Google has begun removing links to websites in Europe, complying with a May European Court of Justice ruling that individuals have the “right to be forgotten” and may request the removal of embarrassing, irrelvant or outdated search results they don’t like. According to the company, it has gotten 70,000 such requests since it put a form online May 30, among them a link to a Guardian (UK) story about battling Post-it art by French office workers. The links remain visible on Google’s US website.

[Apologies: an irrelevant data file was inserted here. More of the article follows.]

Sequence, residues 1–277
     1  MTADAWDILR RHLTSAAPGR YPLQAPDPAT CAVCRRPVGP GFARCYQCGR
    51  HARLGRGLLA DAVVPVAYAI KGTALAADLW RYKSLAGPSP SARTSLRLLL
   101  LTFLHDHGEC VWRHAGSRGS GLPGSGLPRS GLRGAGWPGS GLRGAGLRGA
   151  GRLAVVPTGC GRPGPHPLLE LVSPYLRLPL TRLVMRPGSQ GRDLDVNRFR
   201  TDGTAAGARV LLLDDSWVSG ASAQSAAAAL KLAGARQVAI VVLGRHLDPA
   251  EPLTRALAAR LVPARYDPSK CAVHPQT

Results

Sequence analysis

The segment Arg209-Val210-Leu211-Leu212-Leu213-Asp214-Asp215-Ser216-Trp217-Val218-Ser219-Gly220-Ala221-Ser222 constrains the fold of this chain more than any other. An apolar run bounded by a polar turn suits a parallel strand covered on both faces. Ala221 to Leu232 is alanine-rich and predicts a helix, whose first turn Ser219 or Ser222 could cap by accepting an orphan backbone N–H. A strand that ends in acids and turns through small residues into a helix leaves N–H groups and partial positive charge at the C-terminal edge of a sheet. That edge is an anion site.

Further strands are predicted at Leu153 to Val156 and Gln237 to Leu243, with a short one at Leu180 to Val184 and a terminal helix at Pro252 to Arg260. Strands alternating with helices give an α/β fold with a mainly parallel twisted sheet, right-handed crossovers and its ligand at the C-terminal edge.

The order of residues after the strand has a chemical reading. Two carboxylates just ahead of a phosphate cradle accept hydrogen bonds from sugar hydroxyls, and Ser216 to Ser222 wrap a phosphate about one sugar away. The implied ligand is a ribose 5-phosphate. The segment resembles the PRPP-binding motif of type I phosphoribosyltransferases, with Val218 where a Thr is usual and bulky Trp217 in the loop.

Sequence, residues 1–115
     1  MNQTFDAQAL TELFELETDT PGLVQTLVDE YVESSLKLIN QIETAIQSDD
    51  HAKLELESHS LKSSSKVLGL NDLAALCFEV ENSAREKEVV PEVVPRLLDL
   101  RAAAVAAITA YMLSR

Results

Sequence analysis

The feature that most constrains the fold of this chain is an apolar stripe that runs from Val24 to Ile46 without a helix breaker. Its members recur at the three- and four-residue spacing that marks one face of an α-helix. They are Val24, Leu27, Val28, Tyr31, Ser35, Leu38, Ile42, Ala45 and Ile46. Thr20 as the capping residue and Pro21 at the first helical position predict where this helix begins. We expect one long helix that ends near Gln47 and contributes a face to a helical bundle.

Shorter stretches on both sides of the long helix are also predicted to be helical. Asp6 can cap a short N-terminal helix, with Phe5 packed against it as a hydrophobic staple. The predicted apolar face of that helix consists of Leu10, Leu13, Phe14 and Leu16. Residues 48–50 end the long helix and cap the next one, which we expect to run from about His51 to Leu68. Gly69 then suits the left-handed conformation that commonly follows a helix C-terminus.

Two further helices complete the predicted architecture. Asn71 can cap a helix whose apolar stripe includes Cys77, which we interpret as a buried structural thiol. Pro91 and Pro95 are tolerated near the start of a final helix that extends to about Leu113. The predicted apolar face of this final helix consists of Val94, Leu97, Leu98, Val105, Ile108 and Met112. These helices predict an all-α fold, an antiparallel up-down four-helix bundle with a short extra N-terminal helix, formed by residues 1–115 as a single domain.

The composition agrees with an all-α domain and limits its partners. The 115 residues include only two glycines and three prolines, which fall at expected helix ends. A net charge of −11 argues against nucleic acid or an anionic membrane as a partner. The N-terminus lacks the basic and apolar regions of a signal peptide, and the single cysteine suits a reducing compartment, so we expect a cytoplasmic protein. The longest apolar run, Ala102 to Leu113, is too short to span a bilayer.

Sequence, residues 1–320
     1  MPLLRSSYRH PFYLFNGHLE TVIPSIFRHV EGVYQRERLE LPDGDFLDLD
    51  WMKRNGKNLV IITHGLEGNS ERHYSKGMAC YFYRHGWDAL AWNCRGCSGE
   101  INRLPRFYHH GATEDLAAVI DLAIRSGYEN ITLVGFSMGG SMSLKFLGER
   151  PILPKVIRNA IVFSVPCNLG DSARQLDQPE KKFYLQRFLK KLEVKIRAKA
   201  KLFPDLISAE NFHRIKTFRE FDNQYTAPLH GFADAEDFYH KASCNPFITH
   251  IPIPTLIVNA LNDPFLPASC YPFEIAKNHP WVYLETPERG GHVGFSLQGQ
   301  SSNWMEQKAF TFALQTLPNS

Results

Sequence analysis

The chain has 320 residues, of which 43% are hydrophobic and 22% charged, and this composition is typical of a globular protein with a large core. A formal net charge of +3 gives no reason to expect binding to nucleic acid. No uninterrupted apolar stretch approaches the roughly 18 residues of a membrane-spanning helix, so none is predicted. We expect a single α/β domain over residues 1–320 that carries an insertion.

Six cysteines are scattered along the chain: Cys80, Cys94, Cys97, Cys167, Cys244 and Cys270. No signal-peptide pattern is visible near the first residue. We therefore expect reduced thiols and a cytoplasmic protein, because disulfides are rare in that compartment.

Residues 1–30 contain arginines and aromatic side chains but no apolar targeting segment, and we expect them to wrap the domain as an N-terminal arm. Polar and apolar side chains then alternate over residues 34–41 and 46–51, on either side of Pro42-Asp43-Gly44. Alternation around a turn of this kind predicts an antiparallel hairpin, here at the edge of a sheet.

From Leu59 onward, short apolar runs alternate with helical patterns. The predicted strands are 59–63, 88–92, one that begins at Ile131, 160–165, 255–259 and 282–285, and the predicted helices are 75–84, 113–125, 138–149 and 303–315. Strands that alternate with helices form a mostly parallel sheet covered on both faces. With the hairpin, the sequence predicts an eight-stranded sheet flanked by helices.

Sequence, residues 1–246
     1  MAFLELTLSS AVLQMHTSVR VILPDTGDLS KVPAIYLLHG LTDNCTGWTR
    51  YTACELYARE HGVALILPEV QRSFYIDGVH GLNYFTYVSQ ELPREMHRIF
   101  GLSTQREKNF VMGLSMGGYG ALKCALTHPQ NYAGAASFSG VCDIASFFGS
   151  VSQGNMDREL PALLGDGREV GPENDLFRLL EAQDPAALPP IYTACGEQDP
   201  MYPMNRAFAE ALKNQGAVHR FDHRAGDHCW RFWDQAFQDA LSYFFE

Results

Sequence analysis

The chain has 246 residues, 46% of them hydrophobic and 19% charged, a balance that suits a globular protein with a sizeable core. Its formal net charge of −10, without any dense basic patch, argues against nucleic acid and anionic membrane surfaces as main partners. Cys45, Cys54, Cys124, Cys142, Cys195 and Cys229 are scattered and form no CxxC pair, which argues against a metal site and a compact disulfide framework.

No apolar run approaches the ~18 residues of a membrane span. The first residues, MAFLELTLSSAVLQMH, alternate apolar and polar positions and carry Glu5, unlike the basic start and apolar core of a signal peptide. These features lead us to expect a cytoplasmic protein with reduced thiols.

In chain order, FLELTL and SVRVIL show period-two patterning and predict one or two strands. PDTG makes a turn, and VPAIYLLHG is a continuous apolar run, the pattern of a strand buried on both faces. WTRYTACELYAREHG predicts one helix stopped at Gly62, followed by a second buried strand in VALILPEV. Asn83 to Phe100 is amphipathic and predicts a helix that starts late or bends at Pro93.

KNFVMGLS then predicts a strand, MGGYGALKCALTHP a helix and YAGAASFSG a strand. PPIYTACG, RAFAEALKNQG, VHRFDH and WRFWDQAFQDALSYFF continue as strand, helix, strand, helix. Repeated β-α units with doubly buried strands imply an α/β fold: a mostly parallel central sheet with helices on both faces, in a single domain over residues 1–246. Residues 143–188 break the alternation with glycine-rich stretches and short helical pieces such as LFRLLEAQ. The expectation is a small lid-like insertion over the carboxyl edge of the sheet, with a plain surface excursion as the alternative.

Pushback from the British press has been fierce and immediate. British MailOnline publisher Martin Clarke said, “These examples show what a nonsense the right to be forgotten is. It is the equivalent of going into libraries and burning books you don’t like. MailOnline intends to regularly publish lists of articles deleted from Google’s European search results so people can keep track of what has been deleted.”